The path is un­likely to be smooth but that’s fine for long-term in­vestors

So for those of us in­ter­ested in gain­ing ex­po­sure to the over­all trend via these listed fund man­agers, a choice must be made be­tween two ap­proaches. The first is a “shot­gun” ap­proach, in which you’d buy a lit­tle of each stock. That di­ver­sity would pro­tect against any sin­gle busi­ness ex­pe­ri­enc­ing dif­fi­cul­ties, though not against an over­all in­dus­try down­turn. And the funds man­age­ment in­dus­try is prone to down­turns when mar­kets go through their in­evitable bear­ish phases.

Al­ter­na­tively, you could take a “ri­fle shot” ap­proach and pick a se­lect num­ber from the larger group. For me that is cur­rently two stocks, Plat­inum and Pin­na­cle. But there is a case for adding Mag­el­lan to the bas­ket for the sake of di­ver­sity.

From a risk per­spec­tive, it’s quite pos­si­ble that these stocks could fall by 50%, so it’s im­por­tant not to bet the farm on this theme. An­other GFC, or a pro­longed bear mar­ket, could sharply im­pact their prof­itabil­ity. But re­ward doesn’t come with­out risk and my three favoured stocks of­fer a good mea­sure of both.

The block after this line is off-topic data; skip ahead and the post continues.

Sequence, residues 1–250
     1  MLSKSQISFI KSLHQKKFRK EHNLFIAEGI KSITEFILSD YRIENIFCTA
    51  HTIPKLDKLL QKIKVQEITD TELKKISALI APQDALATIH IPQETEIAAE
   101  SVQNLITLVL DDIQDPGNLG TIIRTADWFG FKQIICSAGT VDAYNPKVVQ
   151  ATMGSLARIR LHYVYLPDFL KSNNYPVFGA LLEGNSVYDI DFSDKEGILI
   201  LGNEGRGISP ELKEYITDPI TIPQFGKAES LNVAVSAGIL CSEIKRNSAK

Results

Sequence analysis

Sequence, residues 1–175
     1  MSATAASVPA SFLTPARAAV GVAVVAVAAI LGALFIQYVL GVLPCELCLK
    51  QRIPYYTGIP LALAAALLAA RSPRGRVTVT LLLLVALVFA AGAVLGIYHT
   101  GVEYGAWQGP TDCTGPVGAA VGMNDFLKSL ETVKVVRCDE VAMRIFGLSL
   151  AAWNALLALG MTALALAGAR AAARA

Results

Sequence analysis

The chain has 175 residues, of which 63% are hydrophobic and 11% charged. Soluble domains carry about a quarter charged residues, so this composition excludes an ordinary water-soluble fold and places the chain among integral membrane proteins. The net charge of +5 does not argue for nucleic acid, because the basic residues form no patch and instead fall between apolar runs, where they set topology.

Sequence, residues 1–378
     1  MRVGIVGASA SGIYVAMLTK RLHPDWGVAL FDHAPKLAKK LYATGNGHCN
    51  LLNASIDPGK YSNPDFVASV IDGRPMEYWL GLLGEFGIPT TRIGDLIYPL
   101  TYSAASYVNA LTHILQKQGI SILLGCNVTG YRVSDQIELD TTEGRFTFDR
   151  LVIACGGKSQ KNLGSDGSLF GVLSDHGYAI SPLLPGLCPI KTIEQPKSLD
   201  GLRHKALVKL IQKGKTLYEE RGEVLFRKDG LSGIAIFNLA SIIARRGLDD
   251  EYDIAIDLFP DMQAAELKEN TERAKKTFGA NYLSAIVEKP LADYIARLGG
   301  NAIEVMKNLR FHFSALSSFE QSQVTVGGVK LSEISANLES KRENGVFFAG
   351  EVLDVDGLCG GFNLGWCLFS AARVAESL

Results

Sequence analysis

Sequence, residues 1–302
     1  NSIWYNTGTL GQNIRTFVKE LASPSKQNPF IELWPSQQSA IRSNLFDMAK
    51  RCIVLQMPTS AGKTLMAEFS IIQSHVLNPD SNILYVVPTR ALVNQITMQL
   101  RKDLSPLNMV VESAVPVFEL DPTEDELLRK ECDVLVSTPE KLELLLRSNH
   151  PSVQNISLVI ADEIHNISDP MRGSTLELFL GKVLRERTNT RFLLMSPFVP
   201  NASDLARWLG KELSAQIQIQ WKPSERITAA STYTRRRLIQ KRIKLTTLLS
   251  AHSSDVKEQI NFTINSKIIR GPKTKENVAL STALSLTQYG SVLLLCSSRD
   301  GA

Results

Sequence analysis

Greg Hoff­man is an in­de­pen­dent fi­nan­cial ed­u­ca­tor, com­men­ta­tor and in­vestor. He is also non-ex­ec­u­tive chair­man of For­ager Funds Man­age­ment (not in­volved in For­ager’s in­vest­ment process).

Dis­clo­sure: Pri­vate port­fo­lios man­aged by Greg Hoff­man own shares in Pin­na­cle In­vest­ment Man­age­ment and Plat­inum As­set Man­age­ment.